Lot’s of changes have been happening for me in game as of late.
I have switched mains back to my warlock. My wrists simply don’t like playing resto druid anymore. My offspec is cat, and we are full up of melee. I dislike moonkin in cataclysm. I don’t know how to tank.
So, lot’s of leveling and gearing and learning hehe.
She is my first character in WoW. She used to be undead, but now she is a worgen. I have to say, warlock in cataclysm is the smoothest the class has ever played. Historically, locks have felt a little… thrown together. They knew they wanted them to be an evil caster with pets, and to use dots, but the mechanics they have gotten have always felt like a hodge-podge of half ideas and “whatever we have left over.” In Cataclysm, it feels as tho somebody actually mapped out what a lock was going to be, and how it was going to feel, and how the different specs were going to work out. Sure, some of the mechanics could use a little refining (I’m looking at you, improved soul fire) but on a whole they have 2.5 viable raid PvE specs (destro is fine so long as you aren’t on bleeding edge content… people that point to sims forget that they only show maximum potential, and only apply to groups of individuals that can approach that level of perfection. Simple fact of the matter is, the *VAST* majority of us don’t even come close. a small % difference on theoretical maximums means very little unless everybody involved is at that same, maximum level of gear/encounter/skill) A destro of equal gear *can* beat me, even tho I’m affliction/demo. It all comes down to skill, encounter design, and the almighty RNG.
Hehe, /rant off… Hell.. I was just stopping in to say hi lol.
Wow, I just can’t seem to get on track with my writing.
Finally took out Al’Akir. t11 is finally done. Yay.
Now, if hurricanes can stop taking out my guildies, and vacations can stop happening, I might actually be able to get back to a regular playing schedule.
I swear, I usually have a lot to talk about, just RL has been hitting hard.
I realize it’s been a while since the last post. 4.1 took some time to come out, and I’ve been having fun in the new patch.
We had our best raid night ever this past Wednesday. We one shot every boss on the way to Chimeron, and took him down for the first time as a guild that night. Many of us had not seen him at all, or only for a pull or 2 after we did Atramedes. Came back on Saturday for attempts on Nefarion. Then on Monday, we got Accendent Council to 6%.
I finally got Tyrannde’s Favorite Doll! The combination of it and the Jar of Ancient Remedies have really helped. I was doing well before, but scoring both of those have allowed me a little more room in the mana department, and allowed me to take my foot of the breaks, so to speak. Since I worry less about mana, my output has gone up, and my performace has gone up accordingly.
Tranq on a 3 minute cooldown, it’s really nice. It’s not nearly as bad as I had feared as well. Yes, my numbers are up on long fights, but the reality of the situation is, most often I still get one good tranq per fight. I could squeeze in 2 if I just used them to use them, but that is hardly efficient. It has become mostly a quality of life change, as I don’t need to wonder if it will be up after a wipe. At 8 miniutes, sometimes it would be down when I needed it, because I had used it in the previous attempt. That being said, on fights where I *CAN* get 2 good tranqs off… I become the goddess of numbers. I’m still afraid they are going to break a spell they finally perfected due to poor player interpretation of largely meaningless numbers. But, as I mentioned in the comments, Blizzard is very good at this, and I have little doubt that there is some sort of plan behind their actions.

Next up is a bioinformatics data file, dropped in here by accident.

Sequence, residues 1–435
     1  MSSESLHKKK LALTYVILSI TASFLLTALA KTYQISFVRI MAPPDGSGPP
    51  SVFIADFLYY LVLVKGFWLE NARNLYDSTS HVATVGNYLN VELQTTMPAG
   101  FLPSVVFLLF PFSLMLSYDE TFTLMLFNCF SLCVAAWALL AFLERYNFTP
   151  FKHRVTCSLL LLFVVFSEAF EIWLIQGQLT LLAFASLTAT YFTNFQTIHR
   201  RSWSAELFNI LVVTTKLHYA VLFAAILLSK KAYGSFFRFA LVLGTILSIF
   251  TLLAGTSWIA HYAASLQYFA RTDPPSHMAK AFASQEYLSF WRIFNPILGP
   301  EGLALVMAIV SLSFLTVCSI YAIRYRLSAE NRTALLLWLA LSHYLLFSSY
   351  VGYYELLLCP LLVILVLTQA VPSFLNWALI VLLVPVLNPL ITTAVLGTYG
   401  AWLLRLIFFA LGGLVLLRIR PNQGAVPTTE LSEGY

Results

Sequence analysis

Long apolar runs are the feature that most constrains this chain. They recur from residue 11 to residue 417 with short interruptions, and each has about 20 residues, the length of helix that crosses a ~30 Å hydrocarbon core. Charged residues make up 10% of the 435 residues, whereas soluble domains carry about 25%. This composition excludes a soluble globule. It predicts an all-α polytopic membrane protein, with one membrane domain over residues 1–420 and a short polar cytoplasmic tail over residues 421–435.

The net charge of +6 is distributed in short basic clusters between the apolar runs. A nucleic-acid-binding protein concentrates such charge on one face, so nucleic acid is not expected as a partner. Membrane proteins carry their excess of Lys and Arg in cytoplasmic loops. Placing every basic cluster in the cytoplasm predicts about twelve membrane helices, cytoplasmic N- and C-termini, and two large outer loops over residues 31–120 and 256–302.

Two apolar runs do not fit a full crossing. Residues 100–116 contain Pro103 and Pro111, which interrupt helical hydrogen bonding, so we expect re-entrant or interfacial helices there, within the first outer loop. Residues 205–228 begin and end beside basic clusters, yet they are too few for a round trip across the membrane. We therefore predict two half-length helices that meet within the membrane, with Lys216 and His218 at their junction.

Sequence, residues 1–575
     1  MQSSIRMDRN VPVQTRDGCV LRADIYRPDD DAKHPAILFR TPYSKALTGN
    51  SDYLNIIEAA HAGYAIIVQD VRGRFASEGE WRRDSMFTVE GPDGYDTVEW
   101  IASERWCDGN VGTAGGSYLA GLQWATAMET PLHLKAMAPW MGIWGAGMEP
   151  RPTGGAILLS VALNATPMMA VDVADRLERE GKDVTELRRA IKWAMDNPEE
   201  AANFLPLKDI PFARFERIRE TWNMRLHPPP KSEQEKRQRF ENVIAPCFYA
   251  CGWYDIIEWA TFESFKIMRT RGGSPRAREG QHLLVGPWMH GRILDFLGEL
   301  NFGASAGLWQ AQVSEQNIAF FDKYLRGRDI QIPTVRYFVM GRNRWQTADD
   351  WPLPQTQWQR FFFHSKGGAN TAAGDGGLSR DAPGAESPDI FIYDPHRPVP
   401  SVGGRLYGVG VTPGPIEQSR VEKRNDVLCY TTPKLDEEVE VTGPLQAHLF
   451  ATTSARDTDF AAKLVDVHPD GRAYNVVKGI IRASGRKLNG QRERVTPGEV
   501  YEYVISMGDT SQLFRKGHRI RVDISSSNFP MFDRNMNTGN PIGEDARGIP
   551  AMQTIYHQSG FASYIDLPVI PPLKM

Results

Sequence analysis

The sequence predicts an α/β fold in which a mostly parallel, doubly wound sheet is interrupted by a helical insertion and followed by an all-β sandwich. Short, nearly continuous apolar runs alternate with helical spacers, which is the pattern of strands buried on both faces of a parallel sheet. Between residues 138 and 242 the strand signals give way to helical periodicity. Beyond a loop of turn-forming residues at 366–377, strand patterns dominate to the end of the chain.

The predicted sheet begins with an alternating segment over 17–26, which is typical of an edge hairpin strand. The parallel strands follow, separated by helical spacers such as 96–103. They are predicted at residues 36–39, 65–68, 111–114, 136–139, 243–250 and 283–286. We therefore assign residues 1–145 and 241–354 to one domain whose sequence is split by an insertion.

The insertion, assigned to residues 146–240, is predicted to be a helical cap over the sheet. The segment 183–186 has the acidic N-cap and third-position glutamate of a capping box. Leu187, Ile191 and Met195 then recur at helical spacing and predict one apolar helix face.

I’ll try to write more, really, I simply have been playing to much since the patch. Till next time.
This time I’m actually going to sink my teeth into a topic that few others even mention. Why so many WoW players hate the game.
Ages ago, when the net was dominated by text and analog modems, we had MUDs. MUDs were the ancestors of the MMOs we know today. Essentially a series of linked chat rooms that designated locations, and simple objects that carried descriptions. These early MUDs didn’t have combat. Their draw was one of social interaction, and world building. Players would explore the world for a while, get to know the locals, and would then often be granted privilege to expand upon the world themselves.
As is the nature of Open Source, one good idea led to another, and we had several types of MUDs, with various levels of customization. Combat made it into the system, and Combat MUDs were born.
As we poured our efforts in to perfecting the genre, we had one wish. A large, graphic based, world that would bring together the playerbase we had spread across hundreds of separate worlds. Eventually our wishes were granted, and we learned the meaning of “be careful what you wish for.”
First there was Meridian, then Ultima Online. I missed Meridian personally, but I was there from day one of UO. UO was an amazing system, obviously grown from years of PvP MUD experience. It suffered from one major flaw, tho. The same flaw that all commercial MMOs have, and by their nature cannot avoid.